Datahike is a durable database powered by an efficient Datalog query engine. It started as a fork of DataScript and grew from there. It's an interesting project I've been following in the past few months with interest.

My curiosity led me to a dive inside Datahike's Datalog parser. I've been wrangling with parsers for a while and have started to get a feel for them. I'm in no way an expert on the matter, but I've bumped into enough walls and stumbled on enough rocks to know they're there.

This is a short illustrative example on how one line can devastatingly impact an application's performance.

Datalog? What's That?

Without getting too deep into the theory, Datalog is a declarative logical programming subset of Prolog which can often be used as a query language for declarative databases, such as the case in this post.

The particular Clojure implementation, originally conceived by Rich Hickey in Datomic, represents queries as data structures:

(def q '[:find ?e
         :in $ ?fname ?lname
         :keys foo
         [?e :user/firstName ?fname]
         [?e :user/lastName ?lname]])

The fine details of the data model are interesting, but out of this post's scope. I recommend looking more into Datalog and what it has to offer.

Profiling a Parser

The parser's entry point is datalog.parser/parse. It extracts the query elements then validates them.

When I want to get a feel of how a complex function behaves I usually benchmark and profile it. When I benchmarked the parser for the sample query, I got some surprising results:

(require '[criterium.core :as cc])
(cc/bench (parser/parse q))
;;; Execution time mean : 1.787494 ms

What's surprising about these results is the parser is incredibly slow.

It's true the parser uses a cache behind the scenes, but there's still no reason it should take this long. It's still a major hit on the first query, and makes the query parser non-viable for other usages, such as static analysis (see Kondo).

That's when I profiled the query using clj-async-profiler and saw something familiar, which I've actually seen before:

(require '[clj-async-profiler.core :as prof])

(def reps 1e6)

(deftest profile
    (dotimes [_ reps]
      (parser/parse q)))))

Sorry, your browser does not support SVG.

Feel free to use the search functionality in the upper right hand side of the SVG. Search for satisfies. What you'll find is that the parse function spends 95% of its CPU time calling satisfies.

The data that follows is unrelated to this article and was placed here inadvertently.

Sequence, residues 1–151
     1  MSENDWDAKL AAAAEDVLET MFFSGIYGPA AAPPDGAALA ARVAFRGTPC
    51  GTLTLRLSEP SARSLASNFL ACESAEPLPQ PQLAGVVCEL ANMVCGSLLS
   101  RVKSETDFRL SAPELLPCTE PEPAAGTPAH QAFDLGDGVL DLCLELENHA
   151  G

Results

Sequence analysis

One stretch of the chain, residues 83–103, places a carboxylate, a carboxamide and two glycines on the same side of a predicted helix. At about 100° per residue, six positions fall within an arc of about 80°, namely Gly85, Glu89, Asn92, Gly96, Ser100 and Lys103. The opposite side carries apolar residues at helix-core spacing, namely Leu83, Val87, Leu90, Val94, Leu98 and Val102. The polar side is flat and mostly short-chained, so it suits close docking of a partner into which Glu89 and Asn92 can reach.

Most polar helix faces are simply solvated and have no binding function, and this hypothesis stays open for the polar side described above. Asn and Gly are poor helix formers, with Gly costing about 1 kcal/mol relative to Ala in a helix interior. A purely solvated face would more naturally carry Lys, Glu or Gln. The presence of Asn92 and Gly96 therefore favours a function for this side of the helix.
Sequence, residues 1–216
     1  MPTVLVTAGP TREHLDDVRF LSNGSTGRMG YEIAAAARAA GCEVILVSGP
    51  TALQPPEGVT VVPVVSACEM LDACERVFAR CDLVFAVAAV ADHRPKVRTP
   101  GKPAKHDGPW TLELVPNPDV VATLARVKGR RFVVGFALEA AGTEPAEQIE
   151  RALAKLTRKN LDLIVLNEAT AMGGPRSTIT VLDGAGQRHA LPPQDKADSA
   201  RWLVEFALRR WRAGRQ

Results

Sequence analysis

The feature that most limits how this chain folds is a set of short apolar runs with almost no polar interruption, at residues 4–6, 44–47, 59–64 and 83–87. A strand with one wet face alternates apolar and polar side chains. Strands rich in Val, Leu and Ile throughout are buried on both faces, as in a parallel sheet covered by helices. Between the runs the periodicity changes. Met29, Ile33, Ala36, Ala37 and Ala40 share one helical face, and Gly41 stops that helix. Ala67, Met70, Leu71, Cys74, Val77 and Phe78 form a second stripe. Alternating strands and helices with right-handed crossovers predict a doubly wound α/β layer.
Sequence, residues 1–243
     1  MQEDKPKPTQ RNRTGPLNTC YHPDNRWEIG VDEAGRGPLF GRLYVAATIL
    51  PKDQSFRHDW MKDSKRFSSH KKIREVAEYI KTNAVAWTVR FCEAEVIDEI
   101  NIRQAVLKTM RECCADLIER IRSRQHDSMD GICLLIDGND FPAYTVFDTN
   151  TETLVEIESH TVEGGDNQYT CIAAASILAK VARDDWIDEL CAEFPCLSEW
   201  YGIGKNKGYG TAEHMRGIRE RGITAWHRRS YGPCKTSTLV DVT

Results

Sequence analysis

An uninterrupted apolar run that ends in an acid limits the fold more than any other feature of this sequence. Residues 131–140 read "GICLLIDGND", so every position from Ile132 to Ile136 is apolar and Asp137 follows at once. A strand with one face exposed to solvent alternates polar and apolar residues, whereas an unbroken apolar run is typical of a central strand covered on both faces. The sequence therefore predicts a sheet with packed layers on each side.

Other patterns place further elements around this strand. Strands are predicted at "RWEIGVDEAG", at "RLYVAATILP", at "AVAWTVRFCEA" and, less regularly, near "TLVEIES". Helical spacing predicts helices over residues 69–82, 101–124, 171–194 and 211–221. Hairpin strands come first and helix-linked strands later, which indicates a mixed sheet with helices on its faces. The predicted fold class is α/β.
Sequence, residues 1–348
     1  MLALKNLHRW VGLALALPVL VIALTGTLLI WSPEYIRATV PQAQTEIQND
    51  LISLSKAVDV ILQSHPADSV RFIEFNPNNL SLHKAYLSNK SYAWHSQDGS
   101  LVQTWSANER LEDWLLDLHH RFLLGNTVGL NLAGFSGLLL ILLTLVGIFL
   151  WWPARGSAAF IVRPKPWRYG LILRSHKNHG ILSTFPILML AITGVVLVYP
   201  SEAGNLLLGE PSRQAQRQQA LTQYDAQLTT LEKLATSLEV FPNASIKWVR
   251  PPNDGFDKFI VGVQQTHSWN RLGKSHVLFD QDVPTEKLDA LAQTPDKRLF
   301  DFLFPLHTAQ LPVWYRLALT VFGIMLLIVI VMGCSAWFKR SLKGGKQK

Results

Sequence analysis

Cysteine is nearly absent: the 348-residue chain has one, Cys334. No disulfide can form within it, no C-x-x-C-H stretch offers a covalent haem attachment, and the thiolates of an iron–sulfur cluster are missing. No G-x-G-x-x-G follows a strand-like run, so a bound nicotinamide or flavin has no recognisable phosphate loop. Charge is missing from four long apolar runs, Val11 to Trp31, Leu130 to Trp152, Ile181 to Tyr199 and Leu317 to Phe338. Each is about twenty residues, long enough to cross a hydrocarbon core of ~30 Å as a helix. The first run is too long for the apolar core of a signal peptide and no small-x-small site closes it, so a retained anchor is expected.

What is satisfies? and what does it do?

Handling The Null Case

When writing parsers, we need a way to specify our handling of the null case, default behavior. Depending on our data model it can be achieved in several ways.

The Datalog parser is implemented via protocols and records which implement it:

(defprotocol ITraversable
  (-collect      [_ pred acc])
  (-collect-vars [_ acc])
  (-postwalk     [_ f]))

This allows for fast invocation of the protocol functions on all records which implement it, which is great. However, there is still a need to know if a certain object is ITraversable, for which one usually writes a traversable? function, which looks like:

(def traversable? (partial satisfies? ITraversable))

This implementation is 100% correct and covers all use cases. The problem with it is that satisfies? has terrible performance, making it a poor choice for code which sits on any hot path, as can be seen in the flame graph above.

The reason satisfies? is so slow is it searches through all of an object's supers with isAssignableFrom for one which implements the protocol.

There's an open issue which addresses that, but even if it gets fixed in Clojure 1.11, everyone using a previous version won't benefit from the speedup.

All solutions will eventually boil down to creating some sort of registry which specifies which types satisfy ITraversable and a default case, but the one presented here probably performs better than multimethods or creating a sort of managed global state and managing it ourselves.

Extend, Embrace, Satisfy

After reading Solving The Expression Problem and Clojure's history I got a sense that the right way to solve it was to let objects answer the question themselves, instead of being external to them. It could have been done by extending ITraversable or adding a new protocol, I chose to add a new protocol which answers a simple question, is the object traversable?

(defprotocol Traversable
  (-traversable? [_]))

Then, add to every record definition:

(-traversable? [_] true)

Luckily, the record definitions were already wrapped in a macro so I needed to change only one place in the code.

Finally, we need to ensure that for every other type, -traversable? is false:

(extend-type #?(:clj Object :cljs object)
  (-traversable? [_] false))

(extend-type nil
  (-traversable? [_] false))

Dramatic Improvements

Running the same bench as before, we get the following results:

(require '[criterium.core :as cc])
(cc/bench (parser/parse q))
;;; Execution time mean : 59.656711 µs
;;; 1.787494e-3 / 59.656711e-6 ~ 30

By getting rid of satisfies? we sped the parser up 30x!

Sorry, your browser does not support SVG.

This doesn't and shouldn't reflect negatively on the code's authors. The problem with satisfies? is that it's too damn convenient and easy to use. In the past I've had the (mis)fortune of seeing it in a production environment, which was my first tussle with it, also in a parser of sorts. Lucky for us, it's very easy to get rid of, as you've seen in this post.

Using solutions like caching do help alleviate the problem in long running application's contexts, however, when used for ephemeral processes like clj-kondo we can see great improvements.


  • Nikita Prokopov, DataScript.
  • Konrad K├╝hne, Christian Weilbach and the rest of the Datahike contributors.